Gear Review: Sea Run Luxury Fly Fishing Cases by Midcurrent

Sea Run Case in a boat

I’m a lucky man, in that I get to travel frequently to go fly fishing. I make a yearly trip to Alaska and spend dozens of sleep-deprived hours driving from one remote trout stream to another, crisscrossing the American West.

At the end of a summer—or any time of the year, actually—my truck is an absolute mess. From fast-food bags to discarded tippet spools to empty fly boxes, it’s nearly impossible to keep my truck clean and organized. That’s doubly frustrating when I’m looking for the lost glove in a pair, or trying to figure out where in the devil my extra 5-weight reel got off to.

Enter the Sea Run Fishing Cases from Sea Run Case Company. These handcrafted, durable, bombproof fishing cases are built for fly anglers who need to keep their gear together, organized, and ready for quick use. Whether you’re jet-setting to a remote atoll for bonefish, or cruising across the nation to fish in Big Sky Country, these Sea Run Cases are a fantastic option for gear storage and transportation.

What I Like

Outstanding Quality

Sea Run describes these cases as “luxury” on their website, and they’re not wrong. I had two cases to review, and both were built with exquisite attention to detail. The outer shell of these cases is created using rigid ABS construction, and it’s a very solid plastic-like material that feels bombproof in your hand.

The Premium Luxury case features a gorgeous PLX leather wrap around the bottom third, a design touch that speaks to Sea Run’s quality standards. Both the Luxury and Premium Luxury case have the same high-grade foam inserts lining the bottom of each compartment. The compartments are the perfect size for fly reels, fly boxes, and just about any other accoutrement you can think of.

Each case is handmade in Italy, before being shipped elsewhere for distribution. That old-world craftsmanship is evident in each Sea Run Fishing Case I packed around for the past few weeks.

Sea Run Case logo close up

The Sea Run Premium Luxury Travel Case features an elegant PLX leather wrap around the bottom third.

Storage Room

These cases have an astonishing amount of room. Even if you throw multiple rod tubes in the case, you can still tote around two rods, a half-dozen reels, and all the extra line, tippet, flies, floatant, nippers, and various other tools you’ll ever need.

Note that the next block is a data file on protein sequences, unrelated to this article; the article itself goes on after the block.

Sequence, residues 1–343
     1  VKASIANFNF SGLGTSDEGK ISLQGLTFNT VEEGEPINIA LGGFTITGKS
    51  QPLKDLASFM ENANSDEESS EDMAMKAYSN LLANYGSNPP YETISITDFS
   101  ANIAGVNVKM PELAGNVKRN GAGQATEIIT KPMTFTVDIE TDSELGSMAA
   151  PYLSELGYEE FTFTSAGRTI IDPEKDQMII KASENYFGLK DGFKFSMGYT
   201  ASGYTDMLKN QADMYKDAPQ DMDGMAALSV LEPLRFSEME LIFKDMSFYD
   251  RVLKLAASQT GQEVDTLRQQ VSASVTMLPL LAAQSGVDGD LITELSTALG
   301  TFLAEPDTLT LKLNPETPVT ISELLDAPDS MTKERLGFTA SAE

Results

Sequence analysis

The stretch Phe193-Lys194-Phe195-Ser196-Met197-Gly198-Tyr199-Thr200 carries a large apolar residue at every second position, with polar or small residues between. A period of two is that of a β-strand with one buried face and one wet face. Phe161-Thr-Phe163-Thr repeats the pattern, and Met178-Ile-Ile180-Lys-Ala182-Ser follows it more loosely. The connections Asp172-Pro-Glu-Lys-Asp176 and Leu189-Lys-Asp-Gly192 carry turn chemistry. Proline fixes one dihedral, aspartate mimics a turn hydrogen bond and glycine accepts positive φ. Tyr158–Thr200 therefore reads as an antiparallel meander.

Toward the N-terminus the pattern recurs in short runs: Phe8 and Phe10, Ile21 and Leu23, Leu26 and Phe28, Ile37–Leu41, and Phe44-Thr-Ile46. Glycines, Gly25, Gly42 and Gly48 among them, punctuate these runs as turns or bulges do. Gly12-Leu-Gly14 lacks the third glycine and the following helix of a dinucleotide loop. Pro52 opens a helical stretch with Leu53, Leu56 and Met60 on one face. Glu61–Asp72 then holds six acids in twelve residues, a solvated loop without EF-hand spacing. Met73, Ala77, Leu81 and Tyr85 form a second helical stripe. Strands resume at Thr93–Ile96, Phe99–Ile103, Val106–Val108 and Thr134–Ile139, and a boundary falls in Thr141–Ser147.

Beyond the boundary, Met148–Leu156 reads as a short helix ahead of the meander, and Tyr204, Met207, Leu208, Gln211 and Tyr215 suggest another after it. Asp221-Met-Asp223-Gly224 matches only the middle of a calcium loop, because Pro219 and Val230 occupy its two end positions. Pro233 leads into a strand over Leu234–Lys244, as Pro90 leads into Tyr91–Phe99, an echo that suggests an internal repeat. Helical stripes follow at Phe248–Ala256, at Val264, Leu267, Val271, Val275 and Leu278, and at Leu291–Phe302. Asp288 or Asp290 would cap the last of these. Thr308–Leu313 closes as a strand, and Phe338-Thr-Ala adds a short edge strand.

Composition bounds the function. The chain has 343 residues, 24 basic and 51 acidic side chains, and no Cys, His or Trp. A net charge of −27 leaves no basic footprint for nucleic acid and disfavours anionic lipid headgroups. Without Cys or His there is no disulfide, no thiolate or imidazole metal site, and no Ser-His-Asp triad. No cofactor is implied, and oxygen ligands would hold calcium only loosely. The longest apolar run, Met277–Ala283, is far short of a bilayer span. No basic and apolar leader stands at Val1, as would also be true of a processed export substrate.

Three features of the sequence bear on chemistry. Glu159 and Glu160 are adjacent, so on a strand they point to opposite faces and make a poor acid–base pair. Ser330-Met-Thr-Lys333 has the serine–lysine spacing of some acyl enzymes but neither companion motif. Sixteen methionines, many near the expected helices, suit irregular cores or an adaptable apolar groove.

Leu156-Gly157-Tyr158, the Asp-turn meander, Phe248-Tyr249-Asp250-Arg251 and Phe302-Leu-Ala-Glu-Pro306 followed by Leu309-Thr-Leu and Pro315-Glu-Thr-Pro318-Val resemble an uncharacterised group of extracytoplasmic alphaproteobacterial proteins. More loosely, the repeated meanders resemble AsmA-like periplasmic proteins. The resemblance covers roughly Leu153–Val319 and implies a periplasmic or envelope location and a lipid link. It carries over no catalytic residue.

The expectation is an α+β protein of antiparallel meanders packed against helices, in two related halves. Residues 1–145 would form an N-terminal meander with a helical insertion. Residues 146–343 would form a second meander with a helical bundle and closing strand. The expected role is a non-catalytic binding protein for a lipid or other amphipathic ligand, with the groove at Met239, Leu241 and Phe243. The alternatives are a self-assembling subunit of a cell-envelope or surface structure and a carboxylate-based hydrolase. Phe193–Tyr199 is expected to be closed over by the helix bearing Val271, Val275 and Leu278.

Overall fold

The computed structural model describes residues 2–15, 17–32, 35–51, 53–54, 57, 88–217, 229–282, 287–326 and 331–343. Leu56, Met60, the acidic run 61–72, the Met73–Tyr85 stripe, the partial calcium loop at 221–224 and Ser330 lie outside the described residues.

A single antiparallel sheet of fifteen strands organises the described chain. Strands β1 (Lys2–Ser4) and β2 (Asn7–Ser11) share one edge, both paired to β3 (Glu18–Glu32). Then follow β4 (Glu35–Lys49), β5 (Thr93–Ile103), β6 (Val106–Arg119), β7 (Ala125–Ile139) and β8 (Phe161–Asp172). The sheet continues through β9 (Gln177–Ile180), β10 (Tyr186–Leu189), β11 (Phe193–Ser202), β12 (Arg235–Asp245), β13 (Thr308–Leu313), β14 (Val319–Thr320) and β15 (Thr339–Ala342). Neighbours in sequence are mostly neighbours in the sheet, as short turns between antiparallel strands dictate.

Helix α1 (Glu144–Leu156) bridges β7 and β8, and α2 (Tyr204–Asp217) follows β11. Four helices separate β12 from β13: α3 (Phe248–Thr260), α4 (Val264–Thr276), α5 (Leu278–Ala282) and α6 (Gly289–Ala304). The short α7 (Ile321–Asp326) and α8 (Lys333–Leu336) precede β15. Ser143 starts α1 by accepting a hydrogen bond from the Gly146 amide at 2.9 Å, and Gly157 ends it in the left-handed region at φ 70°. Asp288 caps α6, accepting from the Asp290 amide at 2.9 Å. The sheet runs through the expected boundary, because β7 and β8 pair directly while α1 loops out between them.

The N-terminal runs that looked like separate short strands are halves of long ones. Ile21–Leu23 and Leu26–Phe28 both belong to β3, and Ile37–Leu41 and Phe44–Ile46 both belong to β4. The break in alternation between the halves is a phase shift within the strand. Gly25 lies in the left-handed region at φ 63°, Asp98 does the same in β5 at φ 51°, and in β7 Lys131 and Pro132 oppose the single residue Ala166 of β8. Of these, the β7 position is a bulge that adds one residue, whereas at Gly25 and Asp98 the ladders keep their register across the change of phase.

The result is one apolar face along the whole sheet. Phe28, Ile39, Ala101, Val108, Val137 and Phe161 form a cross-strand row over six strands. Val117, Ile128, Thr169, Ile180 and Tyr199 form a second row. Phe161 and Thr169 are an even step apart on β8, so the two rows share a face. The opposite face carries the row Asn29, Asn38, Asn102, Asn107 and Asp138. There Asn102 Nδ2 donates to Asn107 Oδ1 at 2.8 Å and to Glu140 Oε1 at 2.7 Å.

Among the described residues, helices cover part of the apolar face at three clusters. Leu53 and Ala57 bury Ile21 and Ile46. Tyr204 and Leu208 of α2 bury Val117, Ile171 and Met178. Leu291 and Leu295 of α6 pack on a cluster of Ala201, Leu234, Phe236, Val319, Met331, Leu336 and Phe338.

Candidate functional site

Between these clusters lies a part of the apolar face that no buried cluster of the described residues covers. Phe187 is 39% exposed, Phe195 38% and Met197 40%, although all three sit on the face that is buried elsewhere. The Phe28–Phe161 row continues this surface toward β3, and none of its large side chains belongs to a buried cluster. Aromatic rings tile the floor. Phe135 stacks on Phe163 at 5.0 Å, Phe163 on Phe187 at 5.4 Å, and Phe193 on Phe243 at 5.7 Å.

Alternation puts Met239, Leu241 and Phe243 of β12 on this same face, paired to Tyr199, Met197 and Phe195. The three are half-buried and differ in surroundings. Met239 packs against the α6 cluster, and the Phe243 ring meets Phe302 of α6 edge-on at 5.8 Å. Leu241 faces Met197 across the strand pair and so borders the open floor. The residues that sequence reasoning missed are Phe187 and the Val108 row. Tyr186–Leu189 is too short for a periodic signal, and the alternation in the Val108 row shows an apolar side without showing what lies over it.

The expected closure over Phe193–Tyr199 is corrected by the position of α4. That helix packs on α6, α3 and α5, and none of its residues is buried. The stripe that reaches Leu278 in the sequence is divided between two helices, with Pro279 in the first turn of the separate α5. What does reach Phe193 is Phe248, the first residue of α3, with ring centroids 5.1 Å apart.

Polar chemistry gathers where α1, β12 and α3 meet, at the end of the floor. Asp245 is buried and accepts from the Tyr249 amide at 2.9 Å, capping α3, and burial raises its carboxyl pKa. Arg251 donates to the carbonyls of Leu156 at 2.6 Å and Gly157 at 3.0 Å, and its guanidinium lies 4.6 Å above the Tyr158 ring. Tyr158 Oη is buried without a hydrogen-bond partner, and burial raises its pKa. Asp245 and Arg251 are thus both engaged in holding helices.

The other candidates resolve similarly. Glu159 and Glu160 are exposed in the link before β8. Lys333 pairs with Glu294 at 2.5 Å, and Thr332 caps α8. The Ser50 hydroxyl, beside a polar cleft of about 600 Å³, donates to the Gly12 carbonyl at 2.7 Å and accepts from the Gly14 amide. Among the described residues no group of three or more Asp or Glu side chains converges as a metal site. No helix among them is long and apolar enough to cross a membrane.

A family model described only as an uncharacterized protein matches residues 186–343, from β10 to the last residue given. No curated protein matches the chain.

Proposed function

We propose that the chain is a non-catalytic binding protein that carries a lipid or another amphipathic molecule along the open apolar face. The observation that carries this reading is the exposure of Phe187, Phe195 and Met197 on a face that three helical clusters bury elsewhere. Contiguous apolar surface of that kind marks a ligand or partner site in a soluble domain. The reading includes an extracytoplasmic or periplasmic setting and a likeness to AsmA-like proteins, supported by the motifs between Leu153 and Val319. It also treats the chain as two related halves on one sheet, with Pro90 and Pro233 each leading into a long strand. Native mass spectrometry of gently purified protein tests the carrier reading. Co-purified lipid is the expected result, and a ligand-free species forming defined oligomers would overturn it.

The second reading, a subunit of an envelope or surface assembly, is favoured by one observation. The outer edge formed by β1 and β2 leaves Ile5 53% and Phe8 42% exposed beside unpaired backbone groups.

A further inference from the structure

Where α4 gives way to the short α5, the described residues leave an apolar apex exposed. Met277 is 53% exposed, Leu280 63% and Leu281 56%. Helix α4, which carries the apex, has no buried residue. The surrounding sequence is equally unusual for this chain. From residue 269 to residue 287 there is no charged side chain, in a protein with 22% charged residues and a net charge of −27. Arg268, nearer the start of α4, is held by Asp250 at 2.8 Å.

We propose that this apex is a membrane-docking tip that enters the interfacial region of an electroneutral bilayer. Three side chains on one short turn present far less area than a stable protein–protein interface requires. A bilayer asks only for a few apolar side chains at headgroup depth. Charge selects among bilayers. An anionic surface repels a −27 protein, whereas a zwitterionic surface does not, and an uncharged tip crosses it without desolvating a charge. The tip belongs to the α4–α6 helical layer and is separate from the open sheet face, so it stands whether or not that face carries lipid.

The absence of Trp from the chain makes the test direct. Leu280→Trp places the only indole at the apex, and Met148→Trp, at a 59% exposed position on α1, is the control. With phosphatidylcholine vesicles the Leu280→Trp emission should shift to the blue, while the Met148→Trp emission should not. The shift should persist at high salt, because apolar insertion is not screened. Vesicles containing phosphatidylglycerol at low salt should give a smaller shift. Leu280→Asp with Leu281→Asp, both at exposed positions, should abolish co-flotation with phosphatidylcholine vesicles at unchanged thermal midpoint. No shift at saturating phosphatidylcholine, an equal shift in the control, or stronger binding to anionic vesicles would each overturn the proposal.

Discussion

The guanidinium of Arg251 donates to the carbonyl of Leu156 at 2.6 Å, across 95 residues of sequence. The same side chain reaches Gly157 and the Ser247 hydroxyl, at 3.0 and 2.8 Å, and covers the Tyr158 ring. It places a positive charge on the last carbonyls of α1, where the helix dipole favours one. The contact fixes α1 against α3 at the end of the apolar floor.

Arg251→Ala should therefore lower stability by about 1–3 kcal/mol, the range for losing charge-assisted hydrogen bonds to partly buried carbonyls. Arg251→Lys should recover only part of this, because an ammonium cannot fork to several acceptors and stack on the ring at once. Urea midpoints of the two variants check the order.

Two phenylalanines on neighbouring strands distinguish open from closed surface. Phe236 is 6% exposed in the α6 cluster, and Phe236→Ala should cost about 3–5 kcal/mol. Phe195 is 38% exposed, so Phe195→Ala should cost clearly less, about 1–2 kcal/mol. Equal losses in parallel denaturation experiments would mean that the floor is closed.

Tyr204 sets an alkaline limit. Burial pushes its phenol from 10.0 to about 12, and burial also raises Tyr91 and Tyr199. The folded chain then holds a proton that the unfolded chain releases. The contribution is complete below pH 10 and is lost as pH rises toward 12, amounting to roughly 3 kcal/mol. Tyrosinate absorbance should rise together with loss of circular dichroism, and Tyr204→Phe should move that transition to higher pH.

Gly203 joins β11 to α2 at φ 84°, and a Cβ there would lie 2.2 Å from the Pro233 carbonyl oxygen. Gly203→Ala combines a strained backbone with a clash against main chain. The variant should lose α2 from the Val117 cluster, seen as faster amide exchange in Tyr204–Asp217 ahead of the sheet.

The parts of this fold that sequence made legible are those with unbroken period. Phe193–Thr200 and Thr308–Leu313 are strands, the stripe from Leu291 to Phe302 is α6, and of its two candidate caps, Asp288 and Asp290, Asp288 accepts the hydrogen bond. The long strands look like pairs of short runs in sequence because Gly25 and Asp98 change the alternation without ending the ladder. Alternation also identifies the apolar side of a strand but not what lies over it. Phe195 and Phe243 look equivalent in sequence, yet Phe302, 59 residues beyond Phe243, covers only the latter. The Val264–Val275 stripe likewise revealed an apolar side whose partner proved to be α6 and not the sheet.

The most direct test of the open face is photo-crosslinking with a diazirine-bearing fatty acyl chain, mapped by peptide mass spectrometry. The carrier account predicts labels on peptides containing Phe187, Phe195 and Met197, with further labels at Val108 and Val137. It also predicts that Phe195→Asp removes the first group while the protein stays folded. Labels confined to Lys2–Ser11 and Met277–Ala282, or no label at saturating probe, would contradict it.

Each case has compartments divided with rigid material that’s reassuring in its strength. In addition, the bottom of each compartment features plush closed-cell marine-grade foam that gently protects and holds your favorite reels.

If you opt to not tote your rod tubes around with you too, you can fit four or five rods in the top section, which secures via two stout Velcro straps.

Sea Run Case with rod tubes

Both versions of the Sea Run Luxury Fly Fishing Cases hold up to six reels and five fly rods.

Officially, Sea Run says you can fit up to six reels and five fly rods in these cases, although I’ve always looked at storage recommendations like that as guidelines, and not hard-and-fast rules. I’d recommend experimenting with your case and only packing what you feel comfortable with.

Airline Compliant

These Sea Run cases are fully compliant with TSA requirements for locks, with three combination latches keeping your gear safe and secure. Since the cases are built to be so durable, you can check the case if you don’t want it to count as your carry-on.

Sea Run Case locks

However, I’ve yet to trust an airline with my fly rods. I’ll gladly check reels, flies, and lines, but my rods? Those are harder to replace, especially in far-flung places. You can almost always find an old reel that’ll work if your luggage gets lost, but it’s almost impossible to find another perfect rod to borrow in the middle of nowhere, Alaska.

Theoretically, you could carry-on your Sea Run case, so long as you leave your flies in your checked luggage. I’ve had a chat with more than one TSA agent about hooks, and even if they’re covered in fur and feathers, they’re not allowed in the main cabin. I’ve never once, though, had a TSA agent or flight attendant complain about me bringing rods and reels in my carry-on.

I currently use a cylindrical tube that has room for up to 10 fly rods and a few reels. I’ve carried it on to Delta, Alaskan, Southwest, Frontier, and United Airlines without a problem. So if you’re as worried as I am about checking your rods, rest assured that you’ll be able to carry the Sea Run case into the airplane with you.

You can view options and buy either version of the Sea Run Cases here.

See this review plus more at midcurrent.com